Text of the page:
It was a novel idea. Invite shooters of different disciplines and expose them to one another’s sport. The 2018 Aguila Cup combined shotgun competition with rimfire and 3-Gun, attracting more than 400 shooters. Not only was there an appreciation learned for other passions, this event allowed competitors to try a style of shooting they had never experienced before.


After three years, the Aguila Cup has arrived in the U.S. In 2015, the tournament, known in Mexico as “Copa Aguila” was hosted by Aguila Ammunition in Acapulco and was then moved in 2016 to Guadalajara, the capital of the Mexican-state Jalisco, where it continues this year. American shotgunner named Derrick Mein distinguished himself by winning the main events of those three Copas and defeated hundreds of shooters from around the world for loot and glory.


For 2018, Aguila Ammunition moved the four-day, multi-discipline event to Fossil Pointe Sporting Grounds in Decatur, Texas, and created a competition like no other for a chance at $65,000 in cash and prizes.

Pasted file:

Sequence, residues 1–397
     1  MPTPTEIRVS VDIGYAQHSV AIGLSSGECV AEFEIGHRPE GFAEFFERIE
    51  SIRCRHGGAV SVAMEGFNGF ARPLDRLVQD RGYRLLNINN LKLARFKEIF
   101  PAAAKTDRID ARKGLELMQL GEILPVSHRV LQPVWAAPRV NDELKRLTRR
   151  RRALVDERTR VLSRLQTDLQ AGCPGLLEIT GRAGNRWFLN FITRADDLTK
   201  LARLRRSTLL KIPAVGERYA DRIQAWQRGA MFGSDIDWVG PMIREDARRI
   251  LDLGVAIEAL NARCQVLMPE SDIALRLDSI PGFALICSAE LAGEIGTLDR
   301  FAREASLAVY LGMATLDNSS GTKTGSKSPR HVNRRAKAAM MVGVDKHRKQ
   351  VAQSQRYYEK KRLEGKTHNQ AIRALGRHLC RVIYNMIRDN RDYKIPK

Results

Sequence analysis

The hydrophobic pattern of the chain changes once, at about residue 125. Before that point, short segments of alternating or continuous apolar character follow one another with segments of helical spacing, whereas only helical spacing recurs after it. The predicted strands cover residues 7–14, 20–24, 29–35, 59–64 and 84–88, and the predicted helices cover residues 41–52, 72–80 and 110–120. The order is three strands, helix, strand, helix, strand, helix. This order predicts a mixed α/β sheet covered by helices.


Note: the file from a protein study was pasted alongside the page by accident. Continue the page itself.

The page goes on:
The Aguila Cup’s Main Event is Sporting Clays. Sporting Clays competition simulates field circumstances with more than 10 stations organized throughout natural terrain. A squad of shooters — usually between two and six — rotate at a station following several attempts at shooting report and/or true pairs.


Gebben Miles

A report pair is where one clay bird is shot at before the target puller sends a second bird. A true pair means that two birds from two different throwers are offered simultaneously. And, besides throwing birds, a simulated rabbit is sometimes given with a clay turned on its side and thrown so that it runs across the ground and bounces randomly.


The day prior to the

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